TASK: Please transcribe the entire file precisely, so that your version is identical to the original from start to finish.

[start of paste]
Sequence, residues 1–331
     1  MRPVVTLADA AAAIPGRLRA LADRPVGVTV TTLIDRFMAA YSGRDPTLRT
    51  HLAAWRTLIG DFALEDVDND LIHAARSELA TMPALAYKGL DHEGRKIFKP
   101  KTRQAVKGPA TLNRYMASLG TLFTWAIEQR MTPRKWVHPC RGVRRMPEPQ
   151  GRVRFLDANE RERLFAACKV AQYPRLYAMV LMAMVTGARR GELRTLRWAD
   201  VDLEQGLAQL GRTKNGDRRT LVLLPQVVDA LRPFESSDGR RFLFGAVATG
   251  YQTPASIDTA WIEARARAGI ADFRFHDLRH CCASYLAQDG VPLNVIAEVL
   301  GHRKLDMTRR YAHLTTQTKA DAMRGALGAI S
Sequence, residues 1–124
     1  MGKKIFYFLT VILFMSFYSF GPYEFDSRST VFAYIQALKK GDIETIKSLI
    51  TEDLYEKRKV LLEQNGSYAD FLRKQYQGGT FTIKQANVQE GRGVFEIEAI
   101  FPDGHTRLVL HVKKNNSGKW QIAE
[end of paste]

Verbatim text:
Sequence, residues 1–331
     1  MRPVVTLADA AAAIPGRLRA LADRPVGVTV TTLIDRFMAA YSGRDPTLRT
    51  HLAAWRTLIG DFALEDVDND LIHAARSELA TMPALAYKGL DHEGRKIFKP
   101  KTRQAVKGPA TLNRYMASLG TLFTWAIEQR MTPRKWVHPC RGVRRMPEPQ
   151  GRVRFLDANE RERLFAACKV AQYPRLYAMV LMAMVTGARR GELRTLRWAD
   201  VDLEQGLAQL GRTKNGDRRT LVLLPQVVDA LRPFESSDGR RFLFGAVATG
   251  YQTPASIDTA WIEARARAGI ADFRFHDLRH CCASYLAQDG VPLNVIAEVL
   301  GHRKLDMTRR YAHLTTQTKA DAMRGALGAI S
Sequence, residues 1–124
     1  MGKKIFYFLT VILFMSFYSF GPYEFDSRST VFAYIQALKK GDIETIKSLI
    51  TEDLYEKRKV LLEQNGSYAD FLRKQYQGGT FTIKQANVQE GRGVFEIEAI
   101  FPDGHTRLVL HVKKNNSGKW QIAE